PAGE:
'Modicare' 101: India's Universal Healthcare Scheme
Health care in India has long been an expensive ordeal; however, the introduction of the National Protection Health Scheme (also known as Ayushman Bharat) aims to change this. Officially launched by Prime Minister Narendra Modi‘s government on 23 September 2018—two years after its reveal during the 2016 budget—the scheme is anticipated to expand health insurance coverage to almost half of India’s population, making it the world’s largest government-funded healthcare program.
Healthcare affordability and its relation to poverty were most recently illustrated in the World Bank and World Health Organisation’s “Tracking Universal Health Coverage: 2017 Global Monitoring Report,” which revealed that 800 million people worldwide spend up to 10% of their household budgets on health expenses. The burden of healthcare expenses for 100 million of these people places them in extreme poverty—forced to survive on less than USD 1.90 per day.
A 2010 study revealed that 63 million Indians fall beneath the poverty line annually, owing primarily to health costs. This situation has been further exacerbated by the dire need for reform within India’s healthcare sector—which is predominantly state-run in operation—with government-funded hospitals often understaffed and ill-equipped.
Dubbed ‘Modicare’ by the press, the public healthcare scheme has drawn immediate comparisons to the former US President Barack Obama’s Patient Protection and Affordable Care—also known as ‘Obamacare’. However, what differentiates ‘Modicare’ is its targeting of the poorest of the poor among India’s demographic—including those unemployed and unable to afford health care. Conversely, Obamacare was implemented primarily to benefit middle-class Americans. Launching the nation-wide plan from the Indian city of Ranchi, Prime Minister Modi affirmed, “This is the world’s biggest healthcare scheme, benefiting more than the combined population of the United States, Canada and Mexico.
Modicare also forms the centrepiece of Modi’s major re-election campaign for mid-2019. Accordingly, political opponents and critics of Modi have labelled the scheme as a populist gesture—one squarely aimed at obtaining favour with his Hindu-based constituency and Hindu nationalist Bharatiya Janata Party (BJP)—that overlooks the individual needs of other ethnic and religious groups throughout the country.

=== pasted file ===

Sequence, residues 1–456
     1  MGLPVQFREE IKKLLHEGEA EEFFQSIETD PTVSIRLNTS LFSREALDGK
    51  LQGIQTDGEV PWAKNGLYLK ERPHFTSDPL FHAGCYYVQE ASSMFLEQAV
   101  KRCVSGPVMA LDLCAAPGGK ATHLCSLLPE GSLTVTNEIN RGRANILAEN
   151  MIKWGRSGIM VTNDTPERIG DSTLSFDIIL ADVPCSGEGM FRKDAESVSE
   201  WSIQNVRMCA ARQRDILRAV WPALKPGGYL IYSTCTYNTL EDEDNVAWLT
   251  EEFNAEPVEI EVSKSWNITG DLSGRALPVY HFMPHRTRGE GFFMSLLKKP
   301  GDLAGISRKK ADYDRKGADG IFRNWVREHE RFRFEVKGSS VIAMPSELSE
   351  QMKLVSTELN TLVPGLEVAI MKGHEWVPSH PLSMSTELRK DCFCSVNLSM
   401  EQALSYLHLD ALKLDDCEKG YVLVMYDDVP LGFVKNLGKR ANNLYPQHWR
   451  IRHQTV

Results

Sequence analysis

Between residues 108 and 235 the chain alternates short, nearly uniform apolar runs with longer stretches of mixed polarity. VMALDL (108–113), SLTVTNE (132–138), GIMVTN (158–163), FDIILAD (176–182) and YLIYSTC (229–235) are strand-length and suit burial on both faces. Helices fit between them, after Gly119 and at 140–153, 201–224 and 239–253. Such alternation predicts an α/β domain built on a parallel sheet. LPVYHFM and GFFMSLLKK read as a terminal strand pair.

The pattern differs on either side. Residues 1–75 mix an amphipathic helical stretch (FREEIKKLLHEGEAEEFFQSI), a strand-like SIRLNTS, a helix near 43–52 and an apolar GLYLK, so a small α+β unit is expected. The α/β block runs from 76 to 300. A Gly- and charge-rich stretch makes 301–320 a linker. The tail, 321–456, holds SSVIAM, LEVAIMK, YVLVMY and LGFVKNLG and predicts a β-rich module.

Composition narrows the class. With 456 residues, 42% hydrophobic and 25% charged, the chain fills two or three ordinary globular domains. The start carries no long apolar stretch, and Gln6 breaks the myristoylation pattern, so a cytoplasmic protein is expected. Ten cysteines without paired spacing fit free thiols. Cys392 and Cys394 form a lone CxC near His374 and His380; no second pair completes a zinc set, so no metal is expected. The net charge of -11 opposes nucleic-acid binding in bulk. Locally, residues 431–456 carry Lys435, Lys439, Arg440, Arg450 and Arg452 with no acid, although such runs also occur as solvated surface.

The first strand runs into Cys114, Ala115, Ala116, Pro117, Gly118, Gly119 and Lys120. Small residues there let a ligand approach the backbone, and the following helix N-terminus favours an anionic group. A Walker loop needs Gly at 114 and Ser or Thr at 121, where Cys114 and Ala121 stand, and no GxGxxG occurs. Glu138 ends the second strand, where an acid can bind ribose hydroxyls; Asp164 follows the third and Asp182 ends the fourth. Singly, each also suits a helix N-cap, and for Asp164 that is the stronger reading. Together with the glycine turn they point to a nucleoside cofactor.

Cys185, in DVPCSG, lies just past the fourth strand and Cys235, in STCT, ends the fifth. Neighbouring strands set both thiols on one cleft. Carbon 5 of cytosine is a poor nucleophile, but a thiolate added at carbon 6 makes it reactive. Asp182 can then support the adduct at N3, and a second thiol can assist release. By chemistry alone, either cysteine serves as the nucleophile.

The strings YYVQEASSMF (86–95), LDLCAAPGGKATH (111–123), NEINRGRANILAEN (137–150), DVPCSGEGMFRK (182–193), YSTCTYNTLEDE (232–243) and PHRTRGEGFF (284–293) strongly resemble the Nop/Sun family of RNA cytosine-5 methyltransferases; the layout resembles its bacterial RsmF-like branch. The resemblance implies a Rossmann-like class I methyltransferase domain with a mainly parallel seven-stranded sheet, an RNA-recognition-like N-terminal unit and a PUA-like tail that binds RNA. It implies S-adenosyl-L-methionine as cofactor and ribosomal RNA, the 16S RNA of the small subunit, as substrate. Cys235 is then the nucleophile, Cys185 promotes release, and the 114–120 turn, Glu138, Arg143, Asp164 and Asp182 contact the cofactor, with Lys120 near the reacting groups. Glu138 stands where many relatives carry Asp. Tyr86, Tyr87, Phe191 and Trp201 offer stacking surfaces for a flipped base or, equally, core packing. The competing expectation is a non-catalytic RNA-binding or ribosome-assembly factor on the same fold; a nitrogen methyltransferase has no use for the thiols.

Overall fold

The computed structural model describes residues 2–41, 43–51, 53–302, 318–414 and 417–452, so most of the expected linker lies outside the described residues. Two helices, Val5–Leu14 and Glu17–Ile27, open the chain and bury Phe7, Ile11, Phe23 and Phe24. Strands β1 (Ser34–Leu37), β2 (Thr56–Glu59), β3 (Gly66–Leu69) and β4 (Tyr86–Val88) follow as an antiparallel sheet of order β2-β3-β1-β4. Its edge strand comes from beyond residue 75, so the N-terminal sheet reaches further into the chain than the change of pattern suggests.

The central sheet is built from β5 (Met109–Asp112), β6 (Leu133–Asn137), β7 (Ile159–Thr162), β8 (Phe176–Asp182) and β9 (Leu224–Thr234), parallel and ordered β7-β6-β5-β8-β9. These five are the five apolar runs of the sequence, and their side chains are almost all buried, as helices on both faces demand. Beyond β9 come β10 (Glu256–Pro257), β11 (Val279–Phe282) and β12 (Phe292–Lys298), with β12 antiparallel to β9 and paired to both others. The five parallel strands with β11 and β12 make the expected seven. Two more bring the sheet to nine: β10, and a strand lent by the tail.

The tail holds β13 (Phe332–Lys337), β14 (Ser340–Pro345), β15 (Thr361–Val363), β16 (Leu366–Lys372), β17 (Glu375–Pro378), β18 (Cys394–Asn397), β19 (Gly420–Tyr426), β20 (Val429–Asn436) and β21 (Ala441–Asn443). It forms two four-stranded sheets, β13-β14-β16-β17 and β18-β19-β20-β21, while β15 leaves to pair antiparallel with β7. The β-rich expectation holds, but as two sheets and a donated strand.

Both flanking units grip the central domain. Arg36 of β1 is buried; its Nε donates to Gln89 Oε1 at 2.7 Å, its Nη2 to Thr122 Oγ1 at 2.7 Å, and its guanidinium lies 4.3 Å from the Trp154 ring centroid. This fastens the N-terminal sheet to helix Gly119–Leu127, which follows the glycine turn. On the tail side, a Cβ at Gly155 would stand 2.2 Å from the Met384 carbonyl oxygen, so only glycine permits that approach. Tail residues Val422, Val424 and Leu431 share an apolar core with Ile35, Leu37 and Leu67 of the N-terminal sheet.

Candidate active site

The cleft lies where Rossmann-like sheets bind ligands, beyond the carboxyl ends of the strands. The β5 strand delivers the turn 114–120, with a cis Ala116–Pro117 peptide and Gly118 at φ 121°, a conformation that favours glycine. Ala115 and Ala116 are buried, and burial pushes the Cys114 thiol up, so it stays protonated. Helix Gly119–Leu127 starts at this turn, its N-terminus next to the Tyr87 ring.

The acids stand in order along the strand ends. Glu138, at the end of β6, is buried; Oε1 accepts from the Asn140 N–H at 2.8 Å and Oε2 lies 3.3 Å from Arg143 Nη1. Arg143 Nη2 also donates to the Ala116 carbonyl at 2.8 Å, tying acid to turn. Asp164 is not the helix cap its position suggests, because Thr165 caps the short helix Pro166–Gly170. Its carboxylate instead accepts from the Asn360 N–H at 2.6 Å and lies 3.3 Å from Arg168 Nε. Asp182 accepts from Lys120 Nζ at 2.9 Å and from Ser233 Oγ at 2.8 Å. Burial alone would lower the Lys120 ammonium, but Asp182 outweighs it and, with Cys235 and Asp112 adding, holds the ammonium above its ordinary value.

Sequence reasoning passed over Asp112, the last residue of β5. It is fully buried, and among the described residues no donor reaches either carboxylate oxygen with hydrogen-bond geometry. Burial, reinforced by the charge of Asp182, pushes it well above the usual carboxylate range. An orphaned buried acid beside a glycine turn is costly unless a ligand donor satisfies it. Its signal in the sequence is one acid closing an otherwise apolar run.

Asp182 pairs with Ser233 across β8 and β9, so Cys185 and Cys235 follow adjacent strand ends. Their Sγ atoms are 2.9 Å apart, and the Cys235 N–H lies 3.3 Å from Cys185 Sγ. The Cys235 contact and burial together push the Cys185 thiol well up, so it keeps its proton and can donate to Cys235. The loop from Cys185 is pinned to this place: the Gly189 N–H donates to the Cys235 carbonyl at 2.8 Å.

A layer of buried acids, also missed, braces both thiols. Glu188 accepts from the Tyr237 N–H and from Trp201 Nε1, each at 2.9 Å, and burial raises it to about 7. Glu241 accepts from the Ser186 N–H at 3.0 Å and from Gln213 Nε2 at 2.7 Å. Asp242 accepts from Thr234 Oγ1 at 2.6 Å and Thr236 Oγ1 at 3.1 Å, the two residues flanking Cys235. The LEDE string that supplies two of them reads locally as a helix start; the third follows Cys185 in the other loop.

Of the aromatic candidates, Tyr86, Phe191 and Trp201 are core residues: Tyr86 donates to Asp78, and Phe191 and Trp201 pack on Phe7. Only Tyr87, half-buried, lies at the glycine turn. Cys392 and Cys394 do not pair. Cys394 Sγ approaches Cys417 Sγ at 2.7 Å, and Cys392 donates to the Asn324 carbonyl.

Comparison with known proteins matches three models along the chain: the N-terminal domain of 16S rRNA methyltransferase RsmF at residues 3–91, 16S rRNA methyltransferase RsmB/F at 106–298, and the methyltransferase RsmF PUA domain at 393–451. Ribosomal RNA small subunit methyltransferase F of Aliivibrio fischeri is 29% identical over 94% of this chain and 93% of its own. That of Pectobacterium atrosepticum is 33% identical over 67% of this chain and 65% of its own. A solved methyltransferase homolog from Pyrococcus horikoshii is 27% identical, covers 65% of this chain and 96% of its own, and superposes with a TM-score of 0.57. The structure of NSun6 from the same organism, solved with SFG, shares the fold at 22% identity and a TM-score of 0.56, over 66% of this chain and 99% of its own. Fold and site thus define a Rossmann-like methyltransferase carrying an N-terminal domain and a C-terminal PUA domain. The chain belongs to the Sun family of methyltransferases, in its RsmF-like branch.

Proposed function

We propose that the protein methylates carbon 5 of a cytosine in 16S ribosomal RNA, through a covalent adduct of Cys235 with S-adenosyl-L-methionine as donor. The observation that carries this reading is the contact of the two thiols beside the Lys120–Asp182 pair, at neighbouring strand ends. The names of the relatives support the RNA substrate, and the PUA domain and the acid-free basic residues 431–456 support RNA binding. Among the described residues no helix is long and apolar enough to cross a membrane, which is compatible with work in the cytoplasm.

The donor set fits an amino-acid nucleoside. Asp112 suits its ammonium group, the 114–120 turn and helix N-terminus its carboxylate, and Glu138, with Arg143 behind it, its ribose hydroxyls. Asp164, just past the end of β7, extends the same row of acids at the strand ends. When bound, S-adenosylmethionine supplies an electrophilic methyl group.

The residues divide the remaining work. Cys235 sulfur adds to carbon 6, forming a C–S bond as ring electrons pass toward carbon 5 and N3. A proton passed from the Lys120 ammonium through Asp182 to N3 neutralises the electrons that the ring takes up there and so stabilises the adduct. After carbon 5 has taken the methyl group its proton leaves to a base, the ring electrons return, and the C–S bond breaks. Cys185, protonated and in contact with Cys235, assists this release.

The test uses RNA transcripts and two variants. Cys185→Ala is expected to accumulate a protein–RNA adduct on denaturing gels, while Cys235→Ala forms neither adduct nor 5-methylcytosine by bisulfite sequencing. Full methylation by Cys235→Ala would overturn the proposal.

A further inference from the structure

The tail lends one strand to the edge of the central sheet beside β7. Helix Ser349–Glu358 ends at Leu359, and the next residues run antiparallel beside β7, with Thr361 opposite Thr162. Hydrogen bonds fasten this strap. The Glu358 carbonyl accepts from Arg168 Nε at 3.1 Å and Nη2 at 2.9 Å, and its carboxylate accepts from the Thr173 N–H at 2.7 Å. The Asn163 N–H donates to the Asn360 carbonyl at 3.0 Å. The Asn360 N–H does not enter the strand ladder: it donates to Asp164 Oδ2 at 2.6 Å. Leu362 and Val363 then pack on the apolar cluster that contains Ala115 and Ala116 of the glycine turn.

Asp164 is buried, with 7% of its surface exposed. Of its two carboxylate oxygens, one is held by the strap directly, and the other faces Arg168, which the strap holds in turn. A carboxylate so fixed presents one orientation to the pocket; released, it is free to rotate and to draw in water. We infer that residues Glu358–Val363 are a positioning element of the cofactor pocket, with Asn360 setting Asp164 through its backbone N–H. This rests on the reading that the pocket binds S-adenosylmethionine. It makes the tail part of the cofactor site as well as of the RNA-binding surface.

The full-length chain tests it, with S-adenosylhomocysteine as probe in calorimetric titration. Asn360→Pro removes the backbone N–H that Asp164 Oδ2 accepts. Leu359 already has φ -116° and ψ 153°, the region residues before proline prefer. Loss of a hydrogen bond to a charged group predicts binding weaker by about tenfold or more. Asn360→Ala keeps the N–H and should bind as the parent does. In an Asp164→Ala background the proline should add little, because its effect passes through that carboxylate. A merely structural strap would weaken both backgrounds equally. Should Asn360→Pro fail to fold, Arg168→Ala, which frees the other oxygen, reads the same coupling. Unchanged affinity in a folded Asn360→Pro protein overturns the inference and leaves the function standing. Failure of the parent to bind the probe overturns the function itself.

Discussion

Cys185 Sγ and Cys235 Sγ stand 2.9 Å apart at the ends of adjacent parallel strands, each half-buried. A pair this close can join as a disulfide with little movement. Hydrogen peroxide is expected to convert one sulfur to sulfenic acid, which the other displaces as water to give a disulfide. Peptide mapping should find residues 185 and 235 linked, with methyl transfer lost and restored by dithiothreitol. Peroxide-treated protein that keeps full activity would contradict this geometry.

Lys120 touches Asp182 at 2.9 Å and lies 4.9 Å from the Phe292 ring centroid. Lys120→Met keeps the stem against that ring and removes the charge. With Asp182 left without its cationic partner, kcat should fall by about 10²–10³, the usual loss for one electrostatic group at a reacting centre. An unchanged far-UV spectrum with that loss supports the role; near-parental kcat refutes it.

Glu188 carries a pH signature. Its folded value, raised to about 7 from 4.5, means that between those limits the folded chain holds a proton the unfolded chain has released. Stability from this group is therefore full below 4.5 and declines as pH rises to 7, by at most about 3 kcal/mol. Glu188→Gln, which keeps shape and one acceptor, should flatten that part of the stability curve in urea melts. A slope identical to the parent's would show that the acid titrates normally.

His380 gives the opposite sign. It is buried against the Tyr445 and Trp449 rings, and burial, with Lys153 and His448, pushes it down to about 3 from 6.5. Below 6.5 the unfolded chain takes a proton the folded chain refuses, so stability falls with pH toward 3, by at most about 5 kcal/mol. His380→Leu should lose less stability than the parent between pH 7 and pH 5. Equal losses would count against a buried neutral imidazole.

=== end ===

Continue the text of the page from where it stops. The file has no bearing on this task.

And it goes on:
However, given the popularity and appeal of his new public healthcare policy, Modi appears committed to challenging that image, styling himself as a populist politician who seeks to eliminate the tragic relationship between money lending and affordable health care, safeguard the financial security of Indian households, and create an affordable healthcare system for the common people.
What are the perks?
Under Modicare, 40% of the Indian population—including the poorest of the poor—will be able to benefit from new health insurance measures. Although the healthcare scheme does not cover the entire population, the development and scaling of Modicare’s coverage represents the most comprehensive federal healthcare initiative undertaken by the Indian government to-date, and an encouraging iterative step toward universal healthcare coverage.
Modicare has been heralded as a potential game-changer for poverty in India, with health care being one of the most financially debilitating expenses for India’s poor. Although relatively affordable in the West, specialised care has become inordinately expensive within developing nations—where the low per capita GDP combined with the high cost of medical treatment gives rise to comparatively unaffordable options for cancer management—which can jeopardise a patient’s financial situation and compel them to sell their material assets. Competent management of the financial burden that is health care could thus prove to be a long-term boon to India’s economy and GDP.
Who’s paying the price?